Corporal Harry Parsons

Researched and written by Anne Wright

Cpl H Parsons
1st Battalion, Rifle Brigade
2919
Died of wounds, 14.5.1915
Age, 26/27

Harry Parsons, a professional soldier, does not have his name engraved next to that of his younger brother William on Weybridge’s War Memorial. An H Parsons was recorded on the wooden memorial, which became known as ‘the Shrine’ and was erected in the churchyard of St James’ Church, Weybridge in March 1917. However, the regiment to which H Parsons belonged was named as the R Irish Regt not the Rifle Brigade – very possibly a mistake, of which more later.

Harry was the oldest of seven surviving children born to John Crispin and Rose (nee Knight) who married on 25 October 1885 at Hurstpierpoint in Sussex; they were both natives of the county. Harry was born in Ditchling in 1888 where he was baptised on 9 September. John Parsons was a gardener and in 1901 held the position of head gardener at Ivy House in North Road in Ditchling. Ten years later the family were living at New Lodge in Old Avenue, Weybridge where John was employed. In 1911, Harry’s siblings were William, James, Joseph and the twins Frank and Nellie and Rose. Three years earlier Harry had joined the army.

His service dated from 30 June 1908; he stood almost five feet and six inches tall, had a fresh complexion, grey eyes and brown hair. Before joining the military he had been a vanman. Harry confirmed that he was an Anglican. He arrived at the Rifle Brigade depot in Winchester on 6 July 1908 and was posted to the 3rd Battalion on 5 August. Harry saw service in Ireland (Tipperary) in 1911 and 1912 being promoted to L/Cpl on 4 May 1911 before returning to the ranks, at his own request, on 2 July 1913. He went to France in September 1914 but was reported, as an Acting Corporal, to have been wounded in the casualty list submitted on 2 December. His recovery seems to have taken some time as he did not return to the fighting until 7 April 1915 with the 1st Battalion of the Rifle Brigade when they were billeted at Ploegsteert (Ypres Salient) and in the surrounding area. A location they had inhabited for much of the time since the previous November and where they had done great hard work to improve the conditions of the trenches and the drainage system. An attempt, in November, to capture enemy defences had failed at great cost.

Harry’s return to the trenches came on 12 April at St Yves; he and his comrades were relieved on 15 April and remained in billets until the 23rd during which time they were occupied with route marching, drilling and musket training. The following day they entrained en route to Poperinghe from where they moved on to St Jean marching via the stone bridge just north of Ypres on 25 April. The second Battle of Ypres had begun two days earlier with the Germans trying yet again to take the beleaguered city. Harry and his comrades were shelled pretty constantly for the next three days before moving forward to dig in on the side of Hill 37. They must have welcomed the two quiet days which followed. April had cost the battalion 49 deaths, 181 woundings and 23 reported missing. The early days of May were equally hard with Harry’s unit moving to dugouts on the eastern bank of the Canal de L’Yser on the 8th. The next day they took over trenches from the Royal Irish Regiment at Shell Trap Farm. These trenches had been much ‘knocked about’ but there was little opportunity to remedy the situation as they were shelled for the next two days. This was the overture to the German attack which came on 13 May. Shelling began at 4 am but the enemy was driven back at the cost of 130 casualties of whom Harry was one.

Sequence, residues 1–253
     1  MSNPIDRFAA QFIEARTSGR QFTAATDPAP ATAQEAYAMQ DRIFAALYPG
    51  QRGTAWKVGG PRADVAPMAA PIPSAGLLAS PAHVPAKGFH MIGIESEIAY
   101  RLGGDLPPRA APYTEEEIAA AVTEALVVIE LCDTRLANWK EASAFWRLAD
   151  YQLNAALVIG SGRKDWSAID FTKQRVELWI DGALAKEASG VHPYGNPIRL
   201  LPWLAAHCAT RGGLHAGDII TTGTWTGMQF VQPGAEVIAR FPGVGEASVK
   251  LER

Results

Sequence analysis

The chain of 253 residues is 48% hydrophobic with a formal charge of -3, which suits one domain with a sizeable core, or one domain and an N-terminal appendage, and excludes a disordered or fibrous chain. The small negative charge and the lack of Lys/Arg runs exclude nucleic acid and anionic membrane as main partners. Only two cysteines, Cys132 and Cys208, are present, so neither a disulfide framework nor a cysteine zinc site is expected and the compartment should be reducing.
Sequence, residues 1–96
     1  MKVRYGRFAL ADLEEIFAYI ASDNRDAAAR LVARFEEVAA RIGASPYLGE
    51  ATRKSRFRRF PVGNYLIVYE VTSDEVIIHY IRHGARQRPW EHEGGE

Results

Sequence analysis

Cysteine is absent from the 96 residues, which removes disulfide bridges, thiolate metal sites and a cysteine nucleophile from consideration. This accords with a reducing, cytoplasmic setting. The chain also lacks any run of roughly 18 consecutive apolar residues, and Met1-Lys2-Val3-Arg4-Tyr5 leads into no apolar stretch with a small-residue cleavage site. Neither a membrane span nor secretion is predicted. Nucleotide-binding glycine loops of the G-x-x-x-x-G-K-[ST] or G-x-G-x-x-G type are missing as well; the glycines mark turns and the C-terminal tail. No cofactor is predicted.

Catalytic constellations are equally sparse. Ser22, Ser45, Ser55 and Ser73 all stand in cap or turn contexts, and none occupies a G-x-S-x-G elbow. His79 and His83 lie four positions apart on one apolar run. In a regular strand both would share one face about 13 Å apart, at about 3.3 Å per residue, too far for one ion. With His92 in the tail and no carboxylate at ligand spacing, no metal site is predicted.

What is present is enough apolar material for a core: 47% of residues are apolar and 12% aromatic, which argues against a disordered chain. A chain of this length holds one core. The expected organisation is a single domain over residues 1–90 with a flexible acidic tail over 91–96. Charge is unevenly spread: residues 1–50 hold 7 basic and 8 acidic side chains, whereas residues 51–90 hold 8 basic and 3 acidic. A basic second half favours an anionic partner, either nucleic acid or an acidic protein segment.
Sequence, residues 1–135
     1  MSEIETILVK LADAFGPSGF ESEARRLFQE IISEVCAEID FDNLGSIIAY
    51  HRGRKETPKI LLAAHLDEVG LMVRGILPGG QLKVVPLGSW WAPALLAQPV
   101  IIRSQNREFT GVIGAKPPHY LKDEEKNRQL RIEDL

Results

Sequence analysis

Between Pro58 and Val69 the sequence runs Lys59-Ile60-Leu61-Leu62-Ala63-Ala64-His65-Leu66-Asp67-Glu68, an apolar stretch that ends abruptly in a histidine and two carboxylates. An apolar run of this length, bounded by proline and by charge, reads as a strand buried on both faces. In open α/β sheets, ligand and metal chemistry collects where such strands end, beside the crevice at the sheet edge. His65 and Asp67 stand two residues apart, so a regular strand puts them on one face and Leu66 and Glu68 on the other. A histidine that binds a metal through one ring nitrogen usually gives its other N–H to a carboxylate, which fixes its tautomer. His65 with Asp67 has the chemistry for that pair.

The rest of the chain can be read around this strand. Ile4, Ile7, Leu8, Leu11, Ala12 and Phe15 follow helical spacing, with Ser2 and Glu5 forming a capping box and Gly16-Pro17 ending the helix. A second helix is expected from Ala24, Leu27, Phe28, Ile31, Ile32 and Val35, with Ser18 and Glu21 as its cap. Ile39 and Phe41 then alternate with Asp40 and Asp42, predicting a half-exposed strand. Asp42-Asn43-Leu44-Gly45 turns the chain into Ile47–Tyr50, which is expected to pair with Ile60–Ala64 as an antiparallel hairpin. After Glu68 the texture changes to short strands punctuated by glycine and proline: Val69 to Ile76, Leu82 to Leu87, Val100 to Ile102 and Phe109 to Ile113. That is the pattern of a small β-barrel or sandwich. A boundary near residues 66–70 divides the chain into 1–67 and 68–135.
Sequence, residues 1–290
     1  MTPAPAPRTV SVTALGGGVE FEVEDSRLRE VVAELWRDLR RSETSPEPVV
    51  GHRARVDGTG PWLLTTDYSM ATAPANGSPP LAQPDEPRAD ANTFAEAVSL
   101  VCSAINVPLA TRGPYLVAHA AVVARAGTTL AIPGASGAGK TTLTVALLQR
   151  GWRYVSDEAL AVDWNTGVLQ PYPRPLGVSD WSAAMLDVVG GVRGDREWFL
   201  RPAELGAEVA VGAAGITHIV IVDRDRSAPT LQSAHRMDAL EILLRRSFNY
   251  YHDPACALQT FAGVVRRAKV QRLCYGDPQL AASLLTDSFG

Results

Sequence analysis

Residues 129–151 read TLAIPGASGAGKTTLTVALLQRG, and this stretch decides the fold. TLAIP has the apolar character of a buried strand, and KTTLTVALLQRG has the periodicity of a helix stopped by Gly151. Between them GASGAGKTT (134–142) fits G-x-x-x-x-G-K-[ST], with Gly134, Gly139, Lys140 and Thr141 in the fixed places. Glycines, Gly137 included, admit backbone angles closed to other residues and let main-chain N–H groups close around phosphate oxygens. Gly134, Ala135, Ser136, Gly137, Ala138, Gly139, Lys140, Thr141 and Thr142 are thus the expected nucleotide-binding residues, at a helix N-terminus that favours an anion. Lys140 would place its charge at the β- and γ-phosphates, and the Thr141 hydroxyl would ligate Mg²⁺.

It was noted in his military records that he ‘died in the field’ the following day; his battalion was relieved on the 14th by the Royal Irish Regiment. The confusion of battle may have led to him being wrongly identified as a member of this regiment on ‘the Shrine’ in St James’ Church churchyard. Harry was buried in Hazebrouck Communal Cemetery (II.C.11) which is located on the south-western outskirts of the town, 56 km south-east of Calais. His cigar case, pouch, jack knife, pen knife, note book and Prayer Book were returned to his family who by 1915 has moved to 8, Ellesmere Cottages in Ellesmere Road. In 1918 his father no longer appears on Surrey’s Electoral Register having moved to Mount Pleasant, Tower Hill in Horsham.

Sources:

British Army WW1 Service Records, 1914-1920, www.ancestry.co.uk
The Rifle Brigade 1914-1918, www.greenjackets-net.org.uk
Parsons & Edwards Family Tree, www.ancestry.co.uk
Casualty Lists, The Times, 20 January 1915
UK, Army Registers of Soldiers’ Effects, 1908-1929, www.ancestry.co.uk
UK, Soldiers Died in the Great War, 1914-1918, www.ancestry.co.uk

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